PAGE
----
Iran’s Hormuz threats ‘just bluster’

If Iran closes strait, it will only give America and European powers reason to come together

Dubai: As sanctions begin to bite, and with the threat of even harsher ones looming on the horizon, Iran has threatened to take military action in the Gulf and the Strait of Hormuz to block other countries’ oil exports, in retaliation for US sanctions on Tehran. General Ali Reza Tangsiri, the head of the navy of Iran’s Revolutionary Guards, was quoted by the Tasnim news agency as saying that Iran has “full control” of the Gulf and the Strait of Hormuz that leads into it. Closing the strait would be the most direct way of blocking shipping.


Analysts in the region believe the commander’s comments amount to little more than bluster. Speaking to Gulf News, the former undersecretary of the Bahraini foreign ministry, Hamad Al Amer, said if Iran carries out its threat, it will only give America and EU a reason to come together. “These are international waters. The Iranians are not stupid; they will not carry out this threat. The comments from the commander are just for public consumption. [However], if they do, the US will have a good reason to go after Iran, in alliance with regional and international powers.”

General Tangsiri also had also said all carriers and military and non-military ships will be controlled and there will be “full Iranian supervision over the Gulf”. Abdullah Al Madani, a Bahrain-based political analyst and academic, told Gulf News the region is used to this sort of propaganda from Iran. “It is trying to frighten Gulf states. Iran simply does not have the power to face the US and other Western powers in the Gulf. It’s navy and air force are both weak. Plus, [US President] Trump wants to reduce Iranian power to zero.”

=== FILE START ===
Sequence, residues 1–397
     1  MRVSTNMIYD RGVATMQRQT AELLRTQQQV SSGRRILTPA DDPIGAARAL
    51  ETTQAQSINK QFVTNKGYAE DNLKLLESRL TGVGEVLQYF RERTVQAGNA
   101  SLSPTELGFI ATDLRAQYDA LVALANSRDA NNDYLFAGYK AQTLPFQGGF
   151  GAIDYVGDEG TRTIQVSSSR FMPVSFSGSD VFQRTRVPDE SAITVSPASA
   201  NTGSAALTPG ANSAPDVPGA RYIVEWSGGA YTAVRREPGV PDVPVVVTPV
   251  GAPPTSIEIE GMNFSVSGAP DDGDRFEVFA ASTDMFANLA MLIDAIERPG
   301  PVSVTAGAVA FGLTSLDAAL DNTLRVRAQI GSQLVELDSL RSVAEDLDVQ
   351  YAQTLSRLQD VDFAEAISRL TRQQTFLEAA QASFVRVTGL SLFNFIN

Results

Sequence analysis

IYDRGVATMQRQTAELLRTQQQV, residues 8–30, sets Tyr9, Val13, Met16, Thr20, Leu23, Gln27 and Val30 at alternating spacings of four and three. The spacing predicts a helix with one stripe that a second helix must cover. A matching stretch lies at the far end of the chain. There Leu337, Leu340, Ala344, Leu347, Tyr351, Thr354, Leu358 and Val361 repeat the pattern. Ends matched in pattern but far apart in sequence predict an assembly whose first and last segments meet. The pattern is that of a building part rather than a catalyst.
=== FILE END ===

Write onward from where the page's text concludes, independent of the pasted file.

In an email interview with Gulf News, Farzin Nadimi a specialist on Iran’s military and security affairs at the Washington Institute for Near East Policy, said if the US can bring Iran’s oil export to almost a standstill, Tehran will increase tensions in the Gulf to new levels. “But still, that won’t mean that IRGC will automatically close the strait. Any tensions will begin with aggressive manoeuvres and, at that stage, end with unattributable actions, such as dropping mine-like objects on the shipping channels, followed by actual mines.

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